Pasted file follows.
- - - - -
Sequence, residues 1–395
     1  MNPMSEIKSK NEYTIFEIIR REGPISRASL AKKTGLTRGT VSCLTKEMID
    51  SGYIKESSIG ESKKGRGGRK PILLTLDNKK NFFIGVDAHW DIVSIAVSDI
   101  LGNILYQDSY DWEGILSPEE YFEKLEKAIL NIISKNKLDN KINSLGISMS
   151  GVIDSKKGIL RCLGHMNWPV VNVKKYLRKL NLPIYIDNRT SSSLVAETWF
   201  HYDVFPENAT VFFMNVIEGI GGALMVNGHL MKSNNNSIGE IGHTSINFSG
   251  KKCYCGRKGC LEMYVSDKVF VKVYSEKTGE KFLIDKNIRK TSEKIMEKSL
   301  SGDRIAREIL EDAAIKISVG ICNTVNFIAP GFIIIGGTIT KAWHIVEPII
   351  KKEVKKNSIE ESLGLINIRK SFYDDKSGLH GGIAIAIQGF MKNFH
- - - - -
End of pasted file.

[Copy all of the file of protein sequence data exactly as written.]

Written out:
Sequence, residues 1–395
     1  MNPMSEIKSK NEYTIFEIIR REGPISRASL AKKTGLTRGT VSCLTKEMID
    51  SGYIKESSIG ESKKGRGGRK PILLTLDNKK NFFIGVDAHW DIVSIAVSDI
   101  LGNILYQDSY DWEGILSPEE YFEKLEKAIL NIISKNKLDN KINSLGISMS
   151  GVIDSKKGIL RCLGHMNWPV VNVKKYLRKL NLPIYIDNRT SSSLVAETWF
   201  HYDVFPENAT VFFMNVIEGI GGALMVNGHL MKSNNNSIGE IGHTSINFSG
   251  KKCYCGRKGC LEMYVSDKVF VKVYSEKTGE KFLIDKNIRK TSEKIMEKSL
   301  SGDRIAREIL EDAAIKISVG ICNTVNFIAP GFIIIGGTIT KAWHIVEPII
   351  KKEVKKNSIE ESLGLINIRK SFYDDKSGLH GGIAIAIQGF MKNFH